Teaching Matters

Putting students at the fore of curriculum design in the Degrees of Difference

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Teaching Matters 2017 | Presentation Details | 28 NovemberNov 2017


Putting students at the fore of curriculum design in the Degrees of Difference


Jo-Anne Kelder, Faculty of Health
Joseph Crawford, Tasmania University Union


Curriculum Design for Degrees of Difference

Presentation Type

Showcase Presentation


Social Sciences 210




Applied Honours is a core component of the Tasmanian Education Model (Degrees of Difference). The Curriculum Change Leaders team established an Applied Honours Working Group (AHWG), comprising a broad range of academics, to articulate the details of Applied Honours and develop guidelines for staff responsible for developing and implementing the Applied Honours curriculum in a course. In line with the University’s commitment to Students as Partners, a consultation and engagement strategy was developed in consultation with the Students as Partners Fellow (Dr Wendy Green) and the Chair of the AHWG (Prof Justin Walls). The overall aim was to identify and understand student perspectives and expectations of a fourth year of study, in particular an applied honours. This presentation provides the background, method, and findings of a student survey and follow-up focus groups designed to:

  • Understand the current perceived value and interest in undertaking an additional year of coursework, study, or research;
  • Elicit what students know (or think they know) about the proposed applied honours;
  • Identify general characteristics of an applied honours that are attractive/unattractive (learning experiences, employability impact, impact on learning, and issues that are a barrier);
  • Identify students’ perceptions about pros and cons of a fourth year of study (applied honours) vs seeking a job in relation to employability; and
  • Elicit key characteristics that would make applied honours attractive.

The survey link and focus group invitation was sent via bulk email (18 September 2017) to all undergraduate students enrolled in a bachelor degree. Students were invited to complete an anonymous five minute survey about the ‘applied honours’ as a fourth year of study; and/or join a one-hour focus group to identify the pros and cons of what your ideal applied honours year would be like.

The survey questions included some demographic data (year of study, primary faculty of study, birth year, and primary campus {added at n=40}). Two 7-point Likert scale questions were used to test sentiment and perceived knowledge about the new Applied Honours program. A free text question tested actual knowledge. A sliding scale (1-100) question tested level of interest followed by a free text question to elicit factors that would increase interest.

The survey was closed after four days, 21st September, at n = 619 (in draw for a $25 gift voucher incentive). The survey drew strong interest from students both quantitatively (n=619) and qualitatively (the majority of respondents answered free text questions). Over 100 students indicated willingness to be invited to participate in a focus group ($25 gift voucher incentive) however, given the focus groups were scheduled for weeks 12 and 13, it was only expected that ten percent of these would be available.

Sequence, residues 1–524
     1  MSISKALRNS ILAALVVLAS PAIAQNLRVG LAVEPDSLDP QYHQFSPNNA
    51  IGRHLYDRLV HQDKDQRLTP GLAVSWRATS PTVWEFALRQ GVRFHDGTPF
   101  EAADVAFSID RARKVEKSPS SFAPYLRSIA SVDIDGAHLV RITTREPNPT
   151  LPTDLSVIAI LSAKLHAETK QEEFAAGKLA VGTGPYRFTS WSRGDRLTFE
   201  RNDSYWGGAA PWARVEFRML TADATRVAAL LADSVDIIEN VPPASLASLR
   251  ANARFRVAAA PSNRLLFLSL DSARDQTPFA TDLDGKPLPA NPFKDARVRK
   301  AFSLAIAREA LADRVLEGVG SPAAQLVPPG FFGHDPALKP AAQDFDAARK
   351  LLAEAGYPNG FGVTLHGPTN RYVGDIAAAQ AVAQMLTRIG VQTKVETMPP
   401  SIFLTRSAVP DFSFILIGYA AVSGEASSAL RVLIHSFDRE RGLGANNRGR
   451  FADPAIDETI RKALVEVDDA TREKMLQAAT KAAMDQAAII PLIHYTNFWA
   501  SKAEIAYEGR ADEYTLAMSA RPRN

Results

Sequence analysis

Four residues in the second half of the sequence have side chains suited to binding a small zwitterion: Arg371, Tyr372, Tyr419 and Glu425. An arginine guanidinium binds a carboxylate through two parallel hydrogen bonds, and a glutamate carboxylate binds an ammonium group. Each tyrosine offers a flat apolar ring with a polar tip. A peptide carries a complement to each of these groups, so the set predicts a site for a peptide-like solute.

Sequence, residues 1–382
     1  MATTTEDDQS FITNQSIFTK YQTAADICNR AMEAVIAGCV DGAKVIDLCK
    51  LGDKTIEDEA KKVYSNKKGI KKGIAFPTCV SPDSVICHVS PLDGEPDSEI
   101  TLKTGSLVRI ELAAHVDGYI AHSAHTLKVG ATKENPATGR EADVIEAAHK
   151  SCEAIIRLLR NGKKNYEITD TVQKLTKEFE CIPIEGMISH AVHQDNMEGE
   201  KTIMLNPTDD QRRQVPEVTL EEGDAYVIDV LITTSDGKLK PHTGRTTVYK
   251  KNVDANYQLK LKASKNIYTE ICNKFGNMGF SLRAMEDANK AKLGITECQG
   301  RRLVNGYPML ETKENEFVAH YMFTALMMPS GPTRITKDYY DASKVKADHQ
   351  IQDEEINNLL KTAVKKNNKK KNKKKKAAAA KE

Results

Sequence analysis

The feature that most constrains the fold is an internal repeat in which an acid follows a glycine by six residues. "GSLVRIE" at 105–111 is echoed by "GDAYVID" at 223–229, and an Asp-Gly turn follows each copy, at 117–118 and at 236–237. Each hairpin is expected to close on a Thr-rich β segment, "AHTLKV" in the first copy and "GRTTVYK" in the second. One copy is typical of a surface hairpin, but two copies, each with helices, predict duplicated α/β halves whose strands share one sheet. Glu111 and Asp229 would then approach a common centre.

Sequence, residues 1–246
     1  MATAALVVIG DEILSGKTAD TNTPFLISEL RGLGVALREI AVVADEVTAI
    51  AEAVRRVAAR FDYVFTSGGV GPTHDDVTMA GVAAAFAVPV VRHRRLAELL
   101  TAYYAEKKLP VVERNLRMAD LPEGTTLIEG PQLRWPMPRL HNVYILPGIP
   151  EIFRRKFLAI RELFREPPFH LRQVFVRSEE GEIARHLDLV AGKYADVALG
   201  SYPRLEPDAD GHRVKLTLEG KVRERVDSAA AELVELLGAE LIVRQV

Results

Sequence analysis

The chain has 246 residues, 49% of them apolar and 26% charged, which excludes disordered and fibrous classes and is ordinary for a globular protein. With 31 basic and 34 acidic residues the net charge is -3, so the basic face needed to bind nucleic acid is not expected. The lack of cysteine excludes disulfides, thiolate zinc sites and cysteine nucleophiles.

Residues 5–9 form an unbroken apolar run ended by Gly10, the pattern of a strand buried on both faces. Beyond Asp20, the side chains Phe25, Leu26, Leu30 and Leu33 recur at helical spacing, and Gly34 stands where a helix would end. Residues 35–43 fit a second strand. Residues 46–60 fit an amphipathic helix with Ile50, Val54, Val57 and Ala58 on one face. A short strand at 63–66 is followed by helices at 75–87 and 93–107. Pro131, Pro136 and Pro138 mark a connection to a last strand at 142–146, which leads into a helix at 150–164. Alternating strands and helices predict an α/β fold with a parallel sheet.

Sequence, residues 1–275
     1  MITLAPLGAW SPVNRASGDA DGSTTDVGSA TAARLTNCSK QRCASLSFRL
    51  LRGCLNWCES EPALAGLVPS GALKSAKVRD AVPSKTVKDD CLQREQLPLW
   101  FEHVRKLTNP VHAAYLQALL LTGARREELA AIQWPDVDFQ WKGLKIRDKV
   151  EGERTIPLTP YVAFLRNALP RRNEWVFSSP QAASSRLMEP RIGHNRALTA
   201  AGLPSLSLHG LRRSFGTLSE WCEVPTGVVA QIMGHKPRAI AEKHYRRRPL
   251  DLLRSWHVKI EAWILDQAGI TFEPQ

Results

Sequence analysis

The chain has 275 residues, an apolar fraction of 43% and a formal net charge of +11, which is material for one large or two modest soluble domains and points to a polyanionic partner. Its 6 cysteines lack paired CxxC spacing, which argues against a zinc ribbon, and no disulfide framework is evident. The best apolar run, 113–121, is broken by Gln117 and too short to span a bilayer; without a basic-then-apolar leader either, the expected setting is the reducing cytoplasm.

The focus group activities were designed to take one hour and elicit rich data on pros and cons for students of job versus a fourth year of study and opinions on desirable learning experiences, expected impact on employability and learning as well as what would make applied honours unattractive.

Preliminary Findings

The key findings relate to sentiment towards applied honours and knowledge about the proposed fourth year of study. Overall, the general sentiment towards the Applied Honours program, or an additional year of study more generally, students seemed to recognise and understand the potential benefits of the program. Students were not, however, as convinced that their time was better spent undertaking an additional coursework year. Questions testing students’ knowledge about honours programs available at the University, and applied honours in particular, revealed lack of information surrounding the Applied Honours program and what it is likely to include. Qualitative responses testing perceived and actual knowledge revealed over half of respondents had no or minimal information. Around 20 responses highlighted misinformation, or partially correct understanding of what an applied honours involved. Around 25 respondents presented accurate information in their response.

Students’ reported interest varied, indicating a variety of potential uptake in the Applied Honours program. However, on the average, when respondents were grouped as either likely to consider applied honours (or rating 50 and above) versus unlikely to consider the Applied Honours program (or a rating below 50), a vast majority appear to have interest.

Factors reported that would increase interest include: information, applied honours in professional awards alongside pathways to postgraduate study, nature of the learning experience (with work placements highly valued), financial support and reliable (guaranteed) employment opportunities and competitiveness. Analysis of focus group data has not been conducted at the time of submission, but the key preliminary findings will be reported at Teaching Matters Conference 2017.

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